10 Facts: Kurdistan and the Kurds
The history of Kurdistan helps explain the Kurds’ current conundrum.
- WWI’s conquerors divided up the Kurds among four countries: Iran, Iraq, Syria and Turkey
- Kurdistan has long been subjected to military, linguistic, and cultural invasions, genocide and ethnic cleansing.
- Kurdish identity includes Shiite and Sunni Islam, Yazidism, Chaldean and Assyrian Christianity and Judaism.
1. Kurdistan today is almost equal to the size of Germany and the UK combined.
2. Today’s 30 million Kurds constitute one of the world’s largest ethnic groups – without a country.
3. World War I’s victorious powers drew maps with no regard for ethnicities, religions, geography or logic.
4. WWI’s conquerors divided up the Kurds among four countries: Iran, Iraq, Syria and Turkey.
5. Kurdistan, though an unofficial region, is a crossroads of civilizations.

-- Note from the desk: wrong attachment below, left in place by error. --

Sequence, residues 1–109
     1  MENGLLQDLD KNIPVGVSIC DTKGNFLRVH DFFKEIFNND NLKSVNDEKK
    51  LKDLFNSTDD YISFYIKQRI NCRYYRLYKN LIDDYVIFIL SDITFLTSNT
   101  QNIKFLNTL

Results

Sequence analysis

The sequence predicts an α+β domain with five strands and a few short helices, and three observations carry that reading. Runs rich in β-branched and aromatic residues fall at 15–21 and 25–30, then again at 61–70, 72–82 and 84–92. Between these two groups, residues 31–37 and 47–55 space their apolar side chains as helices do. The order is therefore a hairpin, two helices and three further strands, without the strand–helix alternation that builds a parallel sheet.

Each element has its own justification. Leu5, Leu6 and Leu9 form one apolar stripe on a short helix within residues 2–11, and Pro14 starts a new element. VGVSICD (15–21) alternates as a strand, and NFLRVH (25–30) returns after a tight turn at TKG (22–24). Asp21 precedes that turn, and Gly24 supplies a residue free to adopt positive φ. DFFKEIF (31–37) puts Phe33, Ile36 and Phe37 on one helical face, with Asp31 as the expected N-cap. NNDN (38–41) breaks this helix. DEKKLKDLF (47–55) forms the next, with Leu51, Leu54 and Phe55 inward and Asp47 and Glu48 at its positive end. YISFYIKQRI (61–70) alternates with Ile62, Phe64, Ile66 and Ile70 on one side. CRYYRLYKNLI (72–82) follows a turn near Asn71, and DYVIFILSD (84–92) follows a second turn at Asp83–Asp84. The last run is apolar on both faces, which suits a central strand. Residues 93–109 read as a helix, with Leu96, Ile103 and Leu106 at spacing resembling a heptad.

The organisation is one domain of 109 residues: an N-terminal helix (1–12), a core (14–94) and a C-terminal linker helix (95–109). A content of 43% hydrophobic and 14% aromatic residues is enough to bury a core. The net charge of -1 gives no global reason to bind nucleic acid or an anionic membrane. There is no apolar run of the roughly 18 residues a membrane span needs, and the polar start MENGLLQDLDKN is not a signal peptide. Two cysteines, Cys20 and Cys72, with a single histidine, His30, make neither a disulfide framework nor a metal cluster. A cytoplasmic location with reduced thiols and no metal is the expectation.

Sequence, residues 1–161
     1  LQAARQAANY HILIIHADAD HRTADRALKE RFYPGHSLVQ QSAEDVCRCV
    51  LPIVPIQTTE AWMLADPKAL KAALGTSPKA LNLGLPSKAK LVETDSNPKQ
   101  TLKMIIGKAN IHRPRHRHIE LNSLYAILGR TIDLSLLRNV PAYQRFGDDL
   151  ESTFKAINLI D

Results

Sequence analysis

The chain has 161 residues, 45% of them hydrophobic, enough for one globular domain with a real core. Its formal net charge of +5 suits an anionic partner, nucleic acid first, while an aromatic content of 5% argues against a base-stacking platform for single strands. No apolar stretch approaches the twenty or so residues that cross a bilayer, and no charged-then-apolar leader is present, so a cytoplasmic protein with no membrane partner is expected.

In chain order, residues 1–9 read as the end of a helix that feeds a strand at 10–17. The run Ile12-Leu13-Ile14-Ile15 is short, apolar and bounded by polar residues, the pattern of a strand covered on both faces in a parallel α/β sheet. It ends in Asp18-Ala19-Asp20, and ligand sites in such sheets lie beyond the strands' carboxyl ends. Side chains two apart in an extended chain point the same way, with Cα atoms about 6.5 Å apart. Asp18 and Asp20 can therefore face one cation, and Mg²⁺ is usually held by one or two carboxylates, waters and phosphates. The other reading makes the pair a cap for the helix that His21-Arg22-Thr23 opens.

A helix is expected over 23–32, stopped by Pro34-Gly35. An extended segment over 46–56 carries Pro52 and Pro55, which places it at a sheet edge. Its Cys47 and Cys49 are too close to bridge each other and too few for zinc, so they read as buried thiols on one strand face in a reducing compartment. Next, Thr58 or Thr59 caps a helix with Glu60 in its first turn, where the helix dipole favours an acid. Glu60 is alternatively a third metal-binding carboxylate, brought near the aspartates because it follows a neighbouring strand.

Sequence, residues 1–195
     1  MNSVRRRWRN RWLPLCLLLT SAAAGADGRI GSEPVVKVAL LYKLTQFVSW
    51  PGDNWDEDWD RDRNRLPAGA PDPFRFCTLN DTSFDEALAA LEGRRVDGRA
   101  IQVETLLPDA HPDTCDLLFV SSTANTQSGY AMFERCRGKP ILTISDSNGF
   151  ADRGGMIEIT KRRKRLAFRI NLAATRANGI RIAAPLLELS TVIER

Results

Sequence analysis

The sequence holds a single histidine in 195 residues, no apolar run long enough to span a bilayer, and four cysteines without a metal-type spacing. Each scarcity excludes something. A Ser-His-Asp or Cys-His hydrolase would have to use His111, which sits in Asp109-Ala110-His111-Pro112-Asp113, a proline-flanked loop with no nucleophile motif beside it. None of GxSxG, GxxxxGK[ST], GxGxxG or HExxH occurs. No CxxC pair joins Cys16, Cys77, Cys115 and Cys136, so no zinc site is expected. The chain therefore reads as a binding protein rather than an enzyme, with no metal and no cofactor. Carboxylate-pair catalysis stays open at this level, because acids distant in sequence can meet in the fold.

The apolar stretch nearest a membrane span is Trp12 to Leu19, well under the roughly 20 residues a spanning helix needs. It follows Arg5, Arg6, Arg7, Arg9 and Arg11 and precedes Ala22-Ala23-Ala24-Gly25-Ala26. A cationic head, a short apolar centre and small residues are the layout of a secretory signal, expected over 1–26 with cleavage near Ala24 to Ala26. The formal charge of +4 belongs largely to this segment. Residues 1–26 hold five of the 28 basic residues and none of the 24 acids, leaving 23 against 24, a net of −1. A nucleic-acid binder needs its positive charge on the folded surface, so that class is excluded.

6. Kurdistan has been subjected over millennia to military, linguistic and cultural invasions, and genocide and ethnic cleansing — from all sides.
7. The Kurds have somehow survived in their mountainous region and preserved their culture and language.
8. Kurdish identity encompasses many languages, including Sorani, Kurmanji and Zazaki.
9. Kurdish identity includes many religions – Shiite and Sunni Islam, Yazidism, Chaldean and Assyrian Christianity and Judaism.
10. The Kurds have political organizations in each of Kurdistan’s four parts. Kurds account for a fifth of Turkey’s population.
Sources: “Why Turkey Shrugs as ISIS Closes In on Kobani,” by Luqman Barwari and Barry A. Fisher, Wall Street Journal, October 9, 2014, and
“Turkey’s Syria policy hurts Kurds’ rapprochement,” by Daniel Dombey, Financial Times, October 9, 2014.